Dear readers, With the launch of e-newsletter CUHK in Focus, CUHKUPDates has retired and this site will no longer be updated. To stay abreast of the University’s latest news, please go to https://focus.cuhk.edu.hk. Thank you.
IT IS NO SECRET THAT university auditoriums are frequently stopovers and stages for distinguished dignitaries—academics, statesmen, literati, laureates, masters and mavericks of every persuasion and description.
Gunter Pauli, variously dubbed by the media as a serial entrepreneur and the Steve Jobs of Sustainability, was Sir Run Run Shaw Distinguished Visiting Scholar of Shaw College and delivered an eye-opening and mind-blowing whirlwind of a lecture on Shaw College campus on 18 January.
Among other achievements, Professor Pauli initiated the Zero Emissions Research and Initiatives (ZERI) which is a conglomerate of organizations that amasses the efforts of 3,000 scientists and entrepreneurs around the world to implement innovative ideas that are highly disruptive to existing business models but which ultimately contribute to the common good.
From the outset Professor Pauli emphasized that one does not have to look beyond nature to draw inspiration for the next big thing. Tap some common plants on earth and energy from the sun and the wind, and you can satisfy the daily necessities of modern civilizations, from food and drink to travel and clothing, without posing serious threats of pollution. Genetics, robotics or AI has little or no place in his scheme.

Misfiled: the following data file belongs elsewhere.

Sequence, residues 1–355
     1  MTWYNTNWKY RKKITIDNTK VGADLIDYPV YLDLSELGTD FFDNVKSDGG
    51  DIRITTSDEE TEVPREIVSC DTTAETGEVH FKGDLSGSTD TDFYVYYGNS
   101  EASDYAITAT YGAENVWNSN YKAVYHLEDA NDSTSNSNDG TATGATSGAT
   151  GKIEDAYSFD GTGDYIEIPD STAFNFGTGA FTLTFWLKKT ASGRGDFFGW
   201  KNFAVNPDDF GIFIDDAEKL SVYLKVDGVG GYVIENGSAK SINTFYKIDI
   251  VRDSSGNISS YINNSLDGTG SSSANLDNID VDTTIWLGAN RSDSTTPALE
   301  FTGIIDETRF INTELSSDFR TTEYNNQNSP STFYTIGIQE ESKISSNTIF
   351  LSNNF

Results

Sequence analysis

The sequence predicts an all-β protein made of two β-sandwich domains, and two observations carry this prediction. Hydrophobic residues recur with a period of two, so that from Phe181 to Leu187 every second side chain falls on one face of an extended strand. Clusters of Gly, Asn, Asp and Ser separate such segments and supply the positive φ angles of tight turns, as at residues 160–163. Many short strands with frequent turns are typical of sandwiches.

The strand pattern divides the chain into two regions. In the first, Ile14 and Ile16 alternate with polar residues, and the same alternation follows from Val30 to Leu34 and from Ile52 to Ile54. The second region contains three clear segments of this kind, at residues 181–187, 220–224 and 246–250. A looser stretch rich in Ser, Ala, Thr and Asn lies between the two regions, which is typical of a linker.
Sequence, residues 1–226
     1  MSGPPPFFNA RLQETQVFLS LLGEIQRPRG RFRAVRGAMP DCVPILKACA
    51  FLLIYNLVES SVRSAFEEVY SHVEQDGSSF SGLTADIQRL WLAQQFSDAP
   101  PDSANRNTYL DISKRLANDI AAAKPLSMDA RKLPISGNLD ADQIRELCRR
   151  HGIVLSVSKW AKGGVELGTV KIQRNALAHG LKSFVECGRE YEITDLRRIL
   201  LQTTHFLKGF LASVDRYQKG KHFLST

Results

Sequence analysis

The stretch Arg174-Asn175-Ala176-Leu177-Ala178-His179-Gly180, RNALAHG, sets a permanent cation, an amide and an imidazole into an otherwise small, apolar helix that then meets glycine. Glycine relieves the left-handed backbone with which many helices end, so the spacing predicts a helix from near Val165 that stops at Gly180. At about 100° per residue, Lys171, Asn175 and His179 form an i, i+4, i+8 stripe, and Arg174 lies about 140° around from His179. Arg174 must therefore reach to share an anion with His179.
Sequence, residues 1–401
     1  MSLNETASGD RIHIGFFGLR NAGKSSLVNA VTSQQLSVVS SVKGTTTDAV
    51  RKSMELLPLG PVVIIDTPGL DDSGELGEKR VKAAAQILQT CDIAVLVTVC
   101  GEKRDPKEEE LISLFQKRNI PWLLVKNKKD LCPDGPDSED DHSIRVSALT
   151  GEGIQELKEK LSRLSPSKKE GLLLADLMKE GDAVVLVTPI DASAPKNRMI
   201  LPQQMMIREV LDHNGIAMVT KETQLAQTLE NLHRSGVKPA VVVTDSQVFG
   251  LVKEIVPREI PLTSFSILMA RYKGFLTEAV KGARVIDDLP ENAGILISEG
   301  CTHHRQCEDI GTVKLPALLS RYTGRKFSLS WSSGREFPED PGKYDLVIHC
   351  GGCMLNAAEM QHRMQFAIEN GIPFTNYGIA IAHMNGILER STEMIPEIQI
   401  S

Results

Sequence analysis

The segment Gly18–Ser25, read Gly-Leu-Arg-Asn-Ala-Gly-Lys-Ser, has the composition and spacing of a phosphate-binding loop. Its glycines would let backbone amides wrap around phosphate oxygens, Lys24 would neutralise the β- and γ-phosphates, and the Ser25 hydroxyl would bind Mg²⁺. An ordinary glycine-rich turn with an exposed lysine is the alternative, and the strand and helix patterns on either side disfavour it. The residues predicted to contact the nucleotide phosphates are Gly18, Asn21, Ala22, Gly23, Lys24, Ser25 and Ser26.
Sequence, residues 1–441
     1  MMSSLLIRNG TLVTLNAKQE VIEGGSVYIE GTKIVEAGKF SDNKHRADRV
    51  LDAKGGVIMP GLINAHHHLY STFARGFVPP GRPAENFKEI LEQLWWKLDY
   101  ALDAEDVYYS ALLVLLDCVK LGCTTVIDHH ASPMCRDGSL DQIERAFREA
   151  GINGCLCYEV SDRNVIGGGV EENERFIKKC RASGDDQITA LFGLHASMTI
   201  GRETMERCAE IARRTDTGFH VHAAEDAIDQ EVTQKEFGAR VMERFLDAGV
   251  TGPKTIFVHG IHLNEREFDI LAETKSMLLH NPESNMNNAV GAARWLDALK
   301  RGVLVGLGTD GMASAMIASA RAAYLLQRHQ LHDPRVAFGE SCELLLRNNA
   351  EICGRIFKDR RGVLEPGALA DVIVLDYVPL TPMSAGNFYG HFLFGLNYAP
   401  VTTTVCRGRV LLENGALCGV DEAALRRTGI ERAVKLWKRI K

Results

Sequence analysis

One of his projects is a very successful farm in Europe that raises pigs and chickens under one roof, contrary to the common practice of segregation. The results are that the livestocks thus raised are healthier and more productive in terms of their nutritional value.
Another project is to make use of light sources commonly available for internet and telecommunication purposes. He has termed this technology ‘Li-Fi’ which enjoys tremendous advantages over current Wi-Fi in technical terms as well as benefits to the users.
Professor Pauli’s brand of sustainability is refreshingly positive. It doesn’t equate development with destruction of the Earth, or implore us to turn back the clock. All we need to do is to look closely in nature and discover solutions for ourselves. But he did advise not to go down the path that someone else has gone down before. This encounter with Professor Pauli has surely inspired many in the audience and may change the lives of some.
This article was originally published in No. 512, Newsletter in Feb 2018.